You will definitely need Band-Aids or other adhesive bandages for minor cuts and scrapes. Besides protecting cuts, they do wonders for the tears. Hydrogen peroxide is no longer recommended for cleaning cuts and scrapes. Plain water and soap work just fine for cleaning. The authorities are divided on the advisability of using an antibiotic ointment.

You'll need an ointment in case of diaper rash, which can develop very quickly. A bottle of baby shampoo can be used on kids of all ages and will avoid the possibility of stinging shampoo in the baby’s eyes. When your grandchild is a little older, you will want to invest in a detangler if the child has either long or curly hair.

Outdoor Protection

Once baby is a couple of months old, you’ll need insect repellent if you live in an area with mosquitoes. Some parents prefer repellents with all-natural ingredients or without DEET. Ask the parents what they prefer.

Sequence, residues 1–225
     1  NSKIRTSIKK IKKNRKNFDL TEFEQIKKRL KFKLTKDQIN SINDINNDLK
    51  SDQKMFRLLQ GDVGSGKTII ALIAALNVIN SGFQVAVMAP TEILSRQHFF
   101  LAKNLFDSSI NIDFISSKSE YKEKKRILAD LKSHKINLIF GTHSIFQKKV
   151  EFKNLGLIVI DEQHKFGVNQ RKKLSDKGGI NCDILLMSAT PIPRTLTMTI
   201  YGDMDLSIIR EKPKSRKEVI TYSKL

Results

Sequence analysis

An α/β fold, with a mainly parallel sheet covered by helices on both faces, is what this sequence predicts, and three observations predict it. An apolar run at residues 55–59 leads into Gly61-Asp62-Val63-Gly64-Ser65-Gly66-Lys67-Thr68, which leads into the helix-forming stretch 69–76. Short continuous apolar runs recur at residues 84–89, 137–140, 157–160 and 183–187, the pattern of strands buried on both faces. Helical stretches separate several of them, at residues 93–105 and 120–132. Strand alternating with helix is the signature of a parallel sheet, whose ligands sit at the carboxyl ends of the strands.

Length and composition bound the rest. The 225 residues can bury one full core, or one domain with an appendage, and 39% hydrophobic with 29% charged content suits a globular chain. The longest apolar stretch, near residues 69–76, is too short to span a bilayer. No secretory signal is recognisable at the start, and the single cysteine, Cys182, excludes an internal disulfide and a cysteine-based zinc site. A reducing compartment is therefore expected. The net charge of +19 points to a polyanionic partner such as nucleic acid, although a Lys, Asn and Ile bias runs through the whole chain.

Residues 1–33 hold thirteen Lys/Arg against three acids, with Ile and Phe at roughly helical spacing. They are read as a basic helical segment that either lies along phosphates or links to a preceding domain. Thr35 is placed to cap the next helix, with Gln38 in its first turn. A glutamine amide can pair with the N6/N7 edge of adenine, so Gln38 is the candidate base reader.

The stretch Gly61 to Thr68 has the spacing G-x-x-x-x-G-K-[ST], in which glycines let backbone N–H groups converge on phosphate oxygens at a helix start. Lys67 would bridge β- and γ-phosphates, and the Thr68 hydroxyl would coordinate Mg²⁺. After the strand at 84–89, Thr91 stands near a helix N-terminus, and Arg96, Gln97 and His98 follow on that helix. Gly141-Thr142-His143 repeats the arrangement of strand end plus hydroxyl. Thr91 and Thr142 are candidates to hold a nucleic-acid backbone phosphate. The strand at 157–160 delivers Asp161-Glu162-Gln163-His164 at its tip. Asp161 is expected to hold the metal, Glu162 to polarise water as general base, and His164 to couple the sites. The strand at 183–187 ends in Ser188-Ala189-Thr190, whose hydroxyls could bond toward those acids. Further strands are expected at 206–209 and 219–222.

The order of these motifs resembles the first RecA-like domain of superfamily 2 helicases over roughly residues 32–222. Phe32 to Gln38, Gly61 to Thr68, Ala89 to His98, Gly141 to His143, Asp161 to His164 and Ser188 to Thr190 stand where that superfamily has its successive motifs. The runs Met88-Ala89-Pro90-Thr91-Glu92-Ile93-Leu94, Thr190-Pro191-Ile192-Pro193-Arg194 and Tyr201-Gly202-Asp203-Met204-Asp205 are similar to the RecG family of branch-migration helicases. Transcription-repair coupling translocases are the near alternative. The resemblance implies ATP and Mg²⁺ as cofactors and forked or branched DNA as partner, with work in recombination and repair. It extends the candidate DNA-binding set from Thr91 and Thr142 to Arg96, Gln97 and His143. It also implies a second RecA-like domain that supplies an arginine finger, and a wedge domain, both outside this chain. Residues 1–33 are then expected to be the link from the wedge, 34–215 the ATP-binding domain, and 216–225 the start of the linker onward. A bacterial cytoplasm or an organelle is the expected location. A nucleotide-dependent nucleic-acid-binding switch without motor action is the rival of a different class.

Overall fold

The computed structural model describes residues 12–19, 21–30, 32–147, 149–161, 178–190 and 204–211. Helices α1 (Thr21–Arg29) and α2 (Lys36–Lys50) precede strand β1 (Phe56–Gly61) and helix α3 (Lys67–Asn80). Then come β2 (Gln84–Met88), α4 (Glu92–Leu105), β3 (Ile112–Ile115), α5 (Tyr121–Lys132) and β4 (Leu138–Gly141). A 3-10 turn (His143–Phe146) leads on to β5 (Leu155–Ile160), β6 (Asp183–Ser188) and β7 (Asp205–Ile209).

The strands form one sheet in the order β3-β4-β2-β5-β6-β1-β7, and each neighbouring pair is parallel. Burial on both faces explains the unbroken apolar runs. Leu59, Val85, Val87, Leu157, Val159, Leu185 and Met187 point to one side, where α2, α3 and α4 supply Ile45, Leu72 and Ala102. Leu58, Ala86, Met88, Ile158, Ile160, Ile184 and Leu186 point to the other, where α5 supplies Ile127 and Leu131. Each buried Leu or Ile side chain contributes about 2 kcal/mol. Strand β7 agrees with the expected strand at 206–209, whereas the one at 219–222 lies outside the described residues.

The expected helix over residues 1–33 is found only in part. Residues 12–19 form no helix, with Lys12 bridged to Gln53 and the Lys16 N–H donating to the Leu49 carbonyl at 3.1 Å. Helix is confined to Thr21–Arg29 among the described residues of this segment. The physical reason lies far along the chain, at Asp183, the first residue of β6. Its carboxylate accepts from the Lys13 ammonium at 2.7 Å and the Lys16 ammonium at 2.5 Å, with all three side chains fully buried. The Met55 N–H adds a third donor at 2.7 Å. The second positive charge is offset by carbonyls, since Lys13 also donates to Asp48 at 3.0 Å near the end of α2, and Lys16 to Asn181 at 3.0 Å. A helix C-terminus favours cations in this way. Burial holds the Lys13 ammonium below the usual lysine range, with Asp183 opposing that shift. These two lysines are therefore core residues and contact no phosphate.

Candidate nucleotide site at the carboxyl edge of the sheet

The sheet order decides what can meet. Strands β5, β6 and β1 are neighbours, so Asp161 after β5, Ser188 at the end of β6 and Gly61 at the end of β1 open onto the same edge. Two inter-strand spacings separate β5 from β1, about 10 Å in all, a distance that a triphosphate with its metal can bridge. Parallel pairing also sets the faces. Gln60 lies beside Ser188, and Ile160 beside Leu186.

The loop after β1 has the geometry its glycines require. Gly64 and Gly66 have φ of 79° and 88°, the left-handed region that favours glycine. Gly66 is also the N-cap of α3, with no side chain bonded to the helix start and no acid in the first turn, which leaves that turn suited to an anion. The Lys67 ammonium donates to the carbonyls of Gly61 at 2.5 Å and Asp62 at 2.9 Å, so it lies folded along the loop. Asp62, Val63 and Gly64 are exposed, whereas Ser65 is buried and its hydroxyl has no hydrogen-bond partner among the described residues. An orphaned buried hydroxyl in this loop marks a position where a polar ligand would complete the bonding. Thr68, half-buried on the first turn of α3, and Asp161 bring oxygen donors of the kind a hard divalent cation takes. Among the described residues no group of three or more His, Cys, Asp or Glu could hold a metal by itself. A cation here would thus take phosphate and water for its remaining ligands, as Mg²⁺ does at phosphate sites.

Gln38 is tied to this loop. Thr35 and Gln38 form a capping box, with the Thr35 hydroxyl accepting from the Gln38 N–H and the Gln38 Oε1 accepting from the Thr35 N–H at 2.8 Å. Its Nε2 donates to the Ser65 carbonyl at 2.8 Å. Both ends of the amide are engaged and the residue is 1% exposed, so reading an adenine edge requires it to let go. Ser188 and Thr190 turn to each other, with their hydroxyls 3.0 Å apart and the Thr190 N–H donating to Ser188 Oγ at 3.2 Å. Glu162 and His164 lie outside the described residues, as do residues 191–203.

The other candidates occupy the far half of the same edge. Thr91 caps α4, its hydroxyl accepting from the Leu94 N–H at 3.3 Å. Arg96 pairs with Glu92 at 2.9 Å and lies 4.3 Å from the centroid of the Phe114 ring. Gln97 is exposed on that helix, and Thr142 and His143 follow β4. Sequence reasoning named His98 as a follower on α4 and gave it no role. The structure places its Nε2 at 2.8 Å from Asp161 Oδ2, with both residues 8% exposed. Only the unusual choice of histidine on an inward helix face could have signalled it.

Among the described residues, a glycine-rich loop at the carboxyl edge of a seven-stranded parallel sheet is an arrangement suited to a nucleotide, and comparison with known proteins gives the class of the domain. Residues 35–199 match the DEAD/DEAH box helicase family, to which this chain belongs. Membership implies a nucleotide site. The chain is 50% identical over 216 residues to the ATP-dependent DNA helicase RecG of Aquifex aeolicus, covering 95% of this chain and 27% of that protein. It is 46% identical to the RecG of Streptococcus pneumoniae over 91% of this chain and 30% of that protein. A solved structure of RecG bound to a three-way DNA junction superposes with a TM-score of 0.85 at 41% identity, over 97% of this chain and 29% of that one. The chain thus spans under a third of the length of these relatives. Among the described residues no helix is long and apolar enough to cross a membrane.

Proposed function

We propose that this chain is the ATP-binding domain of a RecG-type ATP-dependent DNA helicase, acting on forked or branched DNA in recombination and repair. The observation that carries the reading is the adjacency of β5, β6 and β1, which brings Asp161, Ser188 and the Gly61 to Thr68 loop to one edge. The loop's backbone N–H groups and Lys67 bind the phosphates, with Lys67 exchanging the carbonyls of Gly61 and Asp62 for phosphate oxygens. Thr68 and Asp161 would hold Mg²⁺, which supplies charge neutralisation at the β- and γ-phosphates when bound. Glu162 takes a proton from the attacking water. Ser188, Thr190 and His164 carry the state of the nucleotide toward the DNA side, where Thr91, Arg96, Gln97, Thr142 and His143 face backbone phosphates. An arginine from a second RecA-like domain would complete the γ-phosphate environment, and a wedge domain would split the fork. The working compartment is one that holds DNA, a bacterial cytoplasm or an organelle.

You’ll need a children’s sunscreen also. The recommendation on most sunscreens is that they are not for use on children less than six months old. Some pediatricians now believe that it is better to use sunscreen on a baby than to risk sunburn. The best strategy, however, is to keep the baby out of direct sunlight and protect the skin with clothing. After six months, you’ll definitely need to use sunscreen.

Kitchen Equipment

You’ll need baby bottles, either several for a bottle-fed baby or one or two for a breast-fed baby. You’ll need a bottle brush to clean them. Sippy cups are a life-saver when the baby starts drinking from a cup. Baby spoons are nice. You can either invest in some plastic plates and bowls or use paper. Bibs are essential.

Clothing

It’s not really practical to keep new baby clothes at your house as the kids outgrow them so quickly.

By the time they would have worn them once or twice, they would be outgrown. Having some hand-me-down clothes or garage sale clothes on hand in case of emergencies can be a lifesaver. Of course, you will launder them before using them. If you don’t like the idea of your grands wearing someone else’s clothes, buy a couple of T-shirts that are a size ahead of your grandbaby’s size. They can be used for nightshirts or for emergency wear while baby’s clothes are being laundered.

Toys